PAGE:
Following the massive influx of economic refugees fleeing from their homes in South and Central America, Donald Trump has taken a firm, often cruel, stance on how to respond to their arrival.
In the first, the American president has militarized its customs enforcement body to unjustly separate children from families. The agency, known as ICE, reported that they had “quickly adjusted to the President’s Executive Order 13768, which largely abandoned any enforcement priorities, by arresting and deporting a greater number of immigrants who pose no threat to public safety.”
Reports on the exact activity of ICE have stirred critique the world over with some demanding the abolishment of ICE altogether. Determining the precise number of detainees has been somewhat tricky too, no thanks to shady practices on the side of ICE. The branch initially reported that there were a total of 42,105 people imprisoned, but The Daily Beast uncovered that this figure was nearly 2,500 short of the reality.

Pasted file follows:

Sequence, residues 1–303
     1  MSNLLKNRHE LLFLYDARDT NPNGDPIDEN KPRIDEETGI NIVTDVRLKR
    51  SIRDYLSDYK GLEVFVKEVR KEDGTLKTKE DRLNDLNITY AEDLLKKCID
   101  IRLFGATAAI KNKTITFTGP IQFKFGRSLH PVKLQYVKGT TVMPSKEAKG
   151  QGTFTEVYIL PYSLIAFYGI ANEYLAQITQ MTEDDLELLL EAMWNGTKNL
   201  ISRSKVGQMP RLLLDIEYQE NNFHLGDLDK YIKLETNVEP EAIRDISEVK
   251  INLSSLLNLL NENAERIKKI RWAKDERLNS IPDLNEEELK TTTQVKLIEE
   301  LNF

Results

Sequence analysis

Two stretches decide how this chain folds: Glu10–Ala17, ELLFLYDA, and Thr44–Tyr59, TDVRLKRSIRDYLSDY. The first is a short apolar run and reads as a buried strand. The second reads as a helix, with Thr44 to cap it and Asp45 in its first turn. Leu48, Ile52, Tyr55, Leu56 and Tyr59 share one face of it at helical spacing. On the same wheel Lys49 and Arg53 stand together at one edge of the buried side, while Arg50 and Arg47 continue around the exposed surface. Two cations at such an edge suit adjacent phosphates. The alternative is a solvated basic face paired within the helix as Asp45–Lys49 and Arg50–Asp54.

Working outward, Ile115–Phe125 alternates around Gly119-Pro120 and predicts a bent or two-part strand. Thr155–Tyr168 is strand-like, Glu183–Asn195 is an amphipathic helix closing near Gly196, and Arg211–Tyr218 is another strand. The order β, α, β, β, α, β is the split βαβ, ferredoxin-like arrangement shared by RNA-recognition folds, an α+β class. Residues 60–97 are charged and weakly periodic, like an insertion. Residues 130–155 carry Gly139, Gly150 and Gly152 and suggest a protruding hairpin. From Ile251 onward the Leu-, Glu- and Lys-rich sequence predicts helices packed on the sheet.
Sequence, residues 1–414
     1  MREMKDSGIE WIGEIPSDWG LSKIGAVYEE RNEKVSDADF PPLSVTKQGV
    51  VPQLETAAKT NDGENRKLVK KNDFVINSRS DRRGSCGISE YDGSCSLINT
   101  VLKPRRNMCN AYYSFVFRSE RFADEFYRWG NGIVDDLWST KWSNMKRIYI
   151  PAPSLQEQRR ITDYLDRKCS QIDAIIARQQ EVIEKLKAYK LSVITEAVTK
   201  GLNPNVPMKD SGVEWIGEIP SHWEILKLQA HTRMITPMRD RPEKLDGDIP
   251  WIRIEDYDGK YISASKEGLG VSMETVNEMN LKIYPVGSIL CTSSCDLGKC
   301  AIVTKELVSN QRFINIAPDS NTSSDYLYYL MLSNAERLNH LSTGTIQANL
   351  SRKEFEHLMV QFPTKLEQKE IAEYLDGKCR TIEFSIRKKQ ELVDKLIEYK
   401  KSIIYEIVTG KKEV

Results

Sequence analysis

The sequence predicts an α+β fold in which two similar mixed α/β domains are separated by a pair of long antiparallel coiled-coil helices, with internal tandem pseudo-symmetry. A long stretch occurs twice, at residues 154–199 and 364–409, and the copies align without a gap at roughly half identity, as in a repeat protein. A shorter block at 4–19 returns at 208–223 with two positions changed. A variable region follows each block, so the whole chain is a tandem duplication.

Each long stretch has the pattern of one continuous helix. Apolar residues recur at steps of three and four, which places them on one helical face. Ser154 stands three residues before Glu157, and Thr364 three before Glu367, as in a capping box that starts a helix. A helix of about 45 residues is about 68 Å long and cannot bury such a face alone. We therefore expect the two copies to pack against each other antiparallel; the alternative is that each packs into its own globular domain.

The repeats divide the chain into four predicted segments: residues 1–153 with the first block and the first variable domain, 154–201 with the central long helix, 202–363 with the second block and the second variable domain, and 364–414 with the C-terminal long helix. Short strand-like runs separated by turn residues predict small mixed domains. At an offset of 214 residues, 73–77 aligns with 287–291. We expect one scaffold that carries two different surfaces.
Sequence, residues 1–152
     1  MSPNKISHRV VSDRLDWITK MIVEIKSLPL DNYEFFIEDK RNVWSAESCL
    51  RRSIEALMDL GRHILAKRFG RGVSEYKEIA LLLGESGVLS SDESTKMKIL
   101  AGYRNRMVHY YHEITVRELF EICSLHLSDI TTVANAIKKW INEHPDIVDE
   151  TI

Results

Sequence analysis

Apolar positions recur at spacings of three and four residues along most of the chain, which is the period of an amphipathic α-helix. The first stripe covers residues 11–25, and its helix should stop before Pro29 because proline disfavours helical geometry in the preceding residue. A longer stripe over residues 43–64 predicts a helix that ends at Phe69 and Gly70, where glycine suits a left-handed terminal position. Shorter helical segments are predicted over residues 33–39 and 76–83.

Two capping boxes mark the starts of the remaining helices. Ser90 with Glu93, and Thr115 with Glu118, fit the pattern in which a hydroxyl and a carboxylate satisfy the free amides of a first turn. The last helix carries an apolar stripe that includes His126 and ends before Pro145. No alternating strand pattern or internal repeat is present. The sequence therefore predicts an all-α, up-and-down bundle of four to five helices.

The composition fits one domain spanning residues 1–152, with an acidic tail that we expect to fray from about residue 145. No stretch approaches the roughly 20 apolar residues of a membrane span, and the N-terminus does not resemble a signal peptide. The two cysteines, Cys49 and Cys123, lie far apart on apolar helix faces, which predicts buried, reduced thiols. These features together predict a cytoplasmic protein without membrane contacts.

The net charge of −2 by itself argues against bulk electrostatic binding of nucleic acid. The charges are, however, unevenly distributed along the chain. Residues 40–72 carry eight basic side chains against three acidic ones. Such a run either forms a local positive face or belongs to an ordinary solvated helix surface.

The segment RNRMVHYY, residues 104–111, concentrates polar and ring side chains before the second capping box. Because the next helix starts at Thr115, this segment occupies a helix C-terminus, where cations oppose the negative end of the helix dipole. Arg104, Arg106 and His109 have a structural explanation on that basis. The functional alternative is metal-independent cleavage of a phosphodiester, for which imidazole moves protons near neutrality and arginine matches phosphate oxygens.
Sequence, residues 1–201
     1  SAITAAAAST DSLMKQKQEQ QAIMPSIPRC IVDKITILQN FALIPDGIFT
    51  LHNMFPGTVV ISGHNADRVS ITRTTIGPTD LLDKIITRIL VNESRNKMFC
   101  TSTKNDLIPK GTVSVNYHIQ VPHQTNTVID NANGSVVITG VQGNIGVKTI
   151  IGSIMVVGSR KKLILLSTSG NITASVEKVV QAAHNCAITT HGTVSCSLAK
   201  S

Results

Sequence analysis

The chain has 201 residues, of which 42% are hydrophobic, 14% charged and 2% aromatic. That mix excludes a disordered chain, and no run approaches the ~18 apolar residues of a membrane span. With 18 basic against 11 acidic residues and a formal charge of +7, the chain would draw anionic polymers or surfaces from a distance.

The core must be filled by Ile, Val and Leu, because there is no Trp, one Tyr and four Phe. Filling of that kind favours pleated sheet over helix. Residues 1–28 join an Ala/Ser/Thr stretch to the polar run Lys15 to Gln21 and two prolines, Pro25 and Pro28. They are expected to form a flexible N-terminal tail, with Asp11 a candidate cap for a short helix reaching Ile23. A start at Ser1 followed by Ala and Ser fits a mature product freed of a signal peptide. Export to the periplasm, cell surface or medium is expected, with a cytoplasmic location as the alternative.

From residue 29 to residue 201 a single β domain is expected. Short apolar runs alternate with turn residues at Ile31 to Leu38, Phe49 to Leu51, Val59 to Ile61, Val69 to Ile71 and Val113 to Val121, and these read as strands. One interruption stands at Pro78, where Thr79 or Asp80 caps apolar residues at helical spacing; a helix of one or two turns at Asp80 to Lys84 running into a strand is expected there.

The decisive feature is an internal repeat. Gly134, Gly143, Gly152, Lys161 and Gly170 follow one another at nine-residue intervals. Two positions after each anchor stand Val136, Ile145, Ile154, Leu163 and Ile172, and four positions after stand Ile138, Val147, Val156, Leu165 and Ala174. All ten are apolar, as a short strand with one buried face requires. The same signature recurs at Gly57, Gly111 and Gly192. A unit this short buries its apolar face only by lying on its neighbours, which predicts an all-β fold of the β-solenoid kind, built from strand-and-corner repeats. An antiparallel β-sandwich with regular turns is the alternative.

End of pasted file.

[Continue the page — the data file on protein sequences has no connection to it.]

Once seized, prisoners are rarely offered any legal defense while they await their trial date, which can take anywhere from months to years. While bail is provided, the amount is often far outside the means of the persons in question. According to Bail Bloc, “an estimated [one] and [five] people are in ICE detention because they cannot afford to pay their bond.”
As a result, Bail Bloc, a product of The New Inquiry’s Rhetorical Software initiative, will be directing its funds to the Immigrant Bail Fund based in New Haven, Connecticut, where the median immigration bond is $15,000, “nearly double the national average,” according to Bail Bloc. The New Inquiry also tweeted that they would be matching all funds contributed up until December 14, 2018.
We're matching all funds raised for @migrantbailfund through Bail Bloc until December 14. Download today to volunteer your computing power and get people out of ICE detention. https://t.co/WykI5SqA1R — The New Inquiry (@newinquiry) December 10, 2018
Above board models similar to Bail Bloc and levering mining as an alternative to the advertising business paragon are less often cited. In February 2018, Salon offered readers using an ad-blocker to opt-in for crypto mining instead. The beta tester also used Coinhive, and a clear pop-up window was displayed before mining.
In the case of turning users’ spare computer power in hopes of helping people reach bail, Bail Bloc offers a simple download for Windows on their landing page. Interested parties can also investigate the open source documentation on GitHub.